Well Hello There,
It’s been a bit bleak around these parts for the past couple of weeks. We lost our dear Grandmother and spent Christmas Eve giving her a send off. I was honoured to have been asked to sing her favourite song at the ceremony in the graveyard. It was one of those surreal moments where something takes over you. It was a privilage to be able to pay tribute to her. It still doesn’t feel real and it’s not something that any of my family members have been able to accept yet.
So 2015 ended on a very sad note. It was an oblivion of activity for a few days. As our parents organised my Nanny’s funeral we shuddered any time someone mentioned the C word. We all agreed that Christmas was simply getting in the way of a desperately sad experience. That’s the saddest thing really – there really is no time to properly mourne when someone passes away so close to Christmas. My mother, aunt and uncle had to immediately plan the funeral. Due to the limited Mass times they wanted to ensure they gave her the “best” funeral possible. It felt like a dream as we all sat around my aunt’s kitchen table choosing the hymes that would be sang at the ceremony.
Funerals are sad but this was on another level. It feels like I was looking down at myself as though it were a dream of some sort. I was waiting for the moment where we all woke up only to realise it had all been a misunderstanding. It was Christmas Eve and the traffic was mental. Everyone was rushing and racing to and from the shops, butchers and visiting friends and family. I felt annoyed as I watched people go about their normal daily life. Even more annoyed that people were celebrating. Did they not KNOW what had happened? It felt sad that the world went on as normal that day. It didn’t stop turning. It just felt wrong.
And that is the way life goes. In the midst of horrendously sad times there is always a “business-as-normal” element, no matter how unnatural it feels. We had to eat, shower, pack the dishwasher. There were brief ten minute interludes where one of those tasks would afford you an opportunity to almost forget what was happening. It would then hit you with a bang. A massive tonne of bricks and your heart would skip a beat for a minute. Oh yes, this is where we are.
Christmas Day arrived and I wanted it to quietly disappear as quickly as possible. I resented plugging in the Christmas Tree, sobbed as I wrapped the last of my presents and felt as though I was part of a farce. It felt wrong to be celebrating at a time where our world was falling apart.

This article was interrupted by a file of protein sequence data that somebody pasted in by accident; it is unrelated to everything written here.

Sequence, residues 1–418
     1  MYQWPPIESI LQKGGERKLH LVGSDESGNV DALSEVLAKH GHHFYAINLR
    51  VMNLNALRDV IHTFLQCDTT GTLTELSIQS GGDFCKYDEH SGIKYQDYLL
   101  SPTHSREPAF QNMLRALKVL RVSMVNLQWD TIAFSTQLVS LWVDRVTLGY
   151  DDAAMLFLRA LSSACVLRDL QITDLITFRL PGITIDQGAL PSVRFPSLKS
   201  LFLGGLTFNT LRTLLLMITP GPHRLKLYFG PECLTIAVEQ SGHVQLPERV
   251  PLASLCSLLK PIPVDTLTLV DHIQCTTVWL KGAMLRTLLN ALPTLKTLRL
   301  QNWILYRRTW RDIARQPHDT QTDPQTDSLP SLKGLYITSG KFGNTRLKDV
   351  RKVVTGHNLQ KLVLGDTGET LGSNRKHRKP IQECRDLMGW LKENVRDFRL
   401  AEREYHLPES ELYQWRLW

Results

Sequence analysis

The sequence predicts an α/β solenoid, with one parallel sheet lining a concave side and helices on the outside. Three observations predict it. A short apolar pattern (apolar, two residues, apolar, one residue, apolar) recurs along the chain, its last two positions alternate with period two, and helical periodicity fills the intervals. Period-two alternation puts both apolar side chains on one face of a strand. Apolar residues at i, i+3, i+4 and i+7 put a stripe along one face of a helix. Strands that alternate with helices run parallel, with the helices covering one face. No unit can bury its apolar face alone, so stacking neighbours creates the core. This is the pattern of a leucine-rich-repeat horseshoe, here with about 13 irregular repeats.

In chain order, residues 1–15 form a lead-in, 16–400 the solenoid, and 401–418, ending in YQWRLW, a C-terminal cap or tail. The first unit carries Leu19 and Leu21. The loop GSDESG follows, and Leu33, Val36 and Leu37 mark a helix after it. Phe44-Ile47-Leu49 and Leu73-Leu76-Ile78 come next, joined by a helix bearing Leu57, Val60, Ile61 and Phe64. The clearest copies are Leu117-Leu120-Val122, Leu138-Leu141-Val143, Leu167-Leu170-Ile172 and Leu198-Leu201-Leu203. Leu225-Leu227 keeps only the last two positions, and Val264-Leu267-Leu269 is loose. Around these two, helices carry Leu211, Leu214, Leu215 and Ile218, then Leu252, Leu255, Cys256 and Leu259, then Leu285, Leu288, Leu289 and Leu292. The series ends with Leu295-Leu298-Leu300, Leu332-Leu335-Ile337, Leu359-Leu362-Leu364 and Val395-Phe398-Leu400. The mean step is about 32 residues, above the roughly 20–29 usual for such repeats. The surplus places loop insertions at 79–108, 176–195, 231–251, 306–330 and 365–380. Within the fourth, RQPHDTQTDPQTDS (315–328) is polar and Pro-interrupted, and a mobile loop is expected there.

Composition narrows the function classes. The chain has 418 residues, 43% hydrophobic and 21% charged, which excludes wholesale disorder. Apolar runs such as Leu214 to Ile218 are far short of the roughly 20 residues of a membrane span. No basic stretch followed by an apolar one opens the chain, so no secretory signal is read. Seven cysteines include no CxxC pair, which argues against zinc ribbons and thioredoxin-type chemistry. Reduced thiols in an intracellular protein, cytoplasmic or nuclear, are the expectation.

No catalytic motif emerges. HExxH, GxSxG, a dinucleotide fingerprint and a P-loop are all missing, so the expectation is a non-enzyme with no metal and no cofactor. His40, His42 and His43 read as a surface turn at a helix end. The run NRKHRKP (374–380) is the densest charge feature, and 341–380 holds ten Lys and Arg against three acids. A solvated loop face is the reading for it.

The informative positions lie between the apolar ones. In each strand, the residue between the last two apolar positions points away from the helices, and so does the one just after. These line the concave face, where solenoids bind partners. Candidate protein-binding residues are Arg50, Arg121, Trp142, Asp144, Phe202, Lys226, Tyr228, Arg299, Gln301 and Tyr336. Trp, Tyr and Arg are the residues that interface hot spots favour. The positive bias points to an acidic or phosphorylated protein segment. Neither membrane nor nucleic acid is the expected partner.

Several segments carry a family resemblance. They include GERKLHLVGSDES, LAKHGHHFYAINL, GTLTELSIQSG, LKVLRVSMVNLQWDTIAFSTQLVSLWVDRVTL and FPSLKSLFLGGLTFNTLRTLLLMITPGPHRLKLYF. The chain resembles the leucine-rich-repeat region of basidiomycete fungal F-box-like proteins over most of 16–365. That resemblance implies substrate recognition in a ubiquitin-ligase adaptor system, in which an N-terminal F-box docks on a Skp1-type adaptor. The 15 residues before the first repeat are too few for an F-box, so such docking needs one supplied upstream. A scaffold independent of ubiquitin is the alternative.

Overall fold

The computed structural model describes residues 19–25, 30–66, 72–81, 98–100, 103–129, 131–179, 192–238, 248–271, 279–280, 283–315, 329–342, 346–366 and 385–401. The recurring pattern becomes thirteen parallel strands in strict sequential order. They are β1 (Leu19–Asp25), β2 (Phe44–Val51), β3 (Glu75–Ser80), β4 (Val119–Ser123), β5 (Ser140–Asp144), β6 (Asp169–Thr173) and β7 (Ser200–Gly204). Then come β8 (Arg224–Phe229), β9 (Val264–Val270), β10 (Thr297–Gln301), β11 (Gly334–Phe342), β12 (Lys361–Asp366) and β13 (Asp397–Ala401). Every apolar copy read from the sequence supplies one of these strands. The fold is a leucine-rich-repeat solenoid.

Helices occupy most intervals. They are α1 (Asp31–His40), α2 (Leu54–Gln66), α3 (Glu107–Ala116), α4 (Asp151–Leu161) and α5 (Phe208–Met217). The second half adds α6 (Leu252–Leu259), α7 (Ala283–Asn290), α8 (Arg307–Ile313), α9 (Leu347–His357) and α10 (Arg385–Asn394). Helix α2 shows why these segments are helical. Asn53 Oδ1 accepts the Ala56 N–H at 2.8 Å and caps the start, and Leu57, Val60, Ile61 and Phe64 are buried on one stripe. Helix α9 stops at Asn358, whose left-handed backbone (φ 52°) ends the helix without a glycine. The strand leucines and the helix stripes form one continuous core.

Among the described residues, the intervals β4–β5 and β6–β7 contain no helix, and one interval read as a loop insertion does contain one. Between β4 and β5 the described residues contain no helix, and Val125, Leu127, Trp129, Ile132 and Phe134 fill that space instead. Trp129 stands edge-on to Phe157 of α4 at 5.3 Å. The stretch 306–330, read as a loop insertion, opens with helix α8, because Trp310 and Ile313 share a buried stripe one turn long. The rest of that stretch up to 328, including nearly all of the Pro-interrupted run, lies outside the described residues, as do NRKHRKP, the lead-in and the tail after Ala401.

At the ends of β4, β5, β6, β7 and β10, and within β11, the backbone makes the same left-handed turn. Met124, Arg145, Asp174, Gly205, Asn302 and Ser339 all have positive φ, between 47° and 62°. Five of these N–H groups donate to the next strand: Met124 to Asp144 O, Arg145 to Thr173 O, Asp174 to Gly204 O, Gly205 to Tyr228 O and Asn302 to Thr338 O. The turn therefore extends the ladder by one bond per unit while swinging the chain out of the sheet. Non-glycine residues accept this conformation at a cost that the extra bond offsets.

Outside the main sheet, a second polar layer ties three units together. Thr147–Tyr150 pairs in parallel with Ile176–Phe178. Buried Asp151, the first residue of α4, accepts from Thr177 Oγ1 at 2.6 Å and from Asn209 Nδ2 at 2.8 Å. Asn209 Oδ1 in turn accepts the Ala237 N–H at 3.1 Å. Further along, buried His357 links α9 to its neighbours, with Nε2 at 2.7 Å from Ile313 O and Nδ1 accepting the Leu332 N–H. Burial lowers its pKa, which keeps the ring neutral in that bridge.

And then I heard it again. “Ho Ho Ho”. That familiar chant the little man had been singing all week at the mention or sight of anything Santa, It stopped me in my tracks for a minute. Christmas is about him. It’s for the children. His first Christmas to (kind of) know what was going on. It was my job to give him a happy exciting couple of days. And so we did. We did the whole “fake it till you make it thing”.
Santa managed to find his way to our house. His little Elves had left the assembly until the very last minute on Christmas Eve. In the end it was probably a welcomed distraction. The little man was delighted with his IKEA Kitchen, IKEA Toddler Chair, Books and Little Farm Set from Smyths.
We even got dressed. I picked up this dress for €10 on a bargain rail in Heatons. It served me well on the day!
Stephens’s Day continued the tradition of us all wearing matching (kind of) Christmas jumpers. It’s a nice tradition that means little thought has to go in to your Stephen’s Day outfit. Naturally the clothes lasted a few hours before the day was spent in PJs stuffing our faces. We all got our jumpers in ASDA in Eniskillen when we were on our way to Lusty Beg Island.
We enjoyed some days at home together. Not having to rush and race too much was nice. Billy enjoyed using his new IKEA toddler table to have his lunch. I swear this little man has no baby in him any more. He might as well have a little uniform on him here like. Can time please slow down a tiny bit?
Our real life Elf On The Shelf enjoyed visiting (destroying) other people’s houses. He took a particular liking for his Nana and Grandad’s collection of festive singing teddy bears.
And then it was New Years. I was never happier to see the back of a year and at the same time devastated to be “leaving” my Nanny there. It is so hard to explain the way it made us all feel. It is still very raw and it will take a long time for the dust to settle but I can’t help but be eternally grateful for the many happy years I spent getting to know my Nanny. It fills me with unbelievable pride to have been able to give her a great-grandchild too.
For 18 months my little man got to know the amazing woman that she was. She cried when he was born having been praying and praying for his safe arrival.
I will miss the tea Nanny. The chats and the talk of the bargains. I will miss telling you my news and asking for your opinion about anything and everything. I will miss the smell of rashers and the rollers in your hair. But most of all I will miss the friendship I had in you. As the priest at the funeral said, your life has not ended but has changed course. I have a guardian angel now and something tells me that you won’t put me wrong in this life. Thank you for giving so much of yourself and asking for little in return. We will do you proud. I Love You, my forever friend.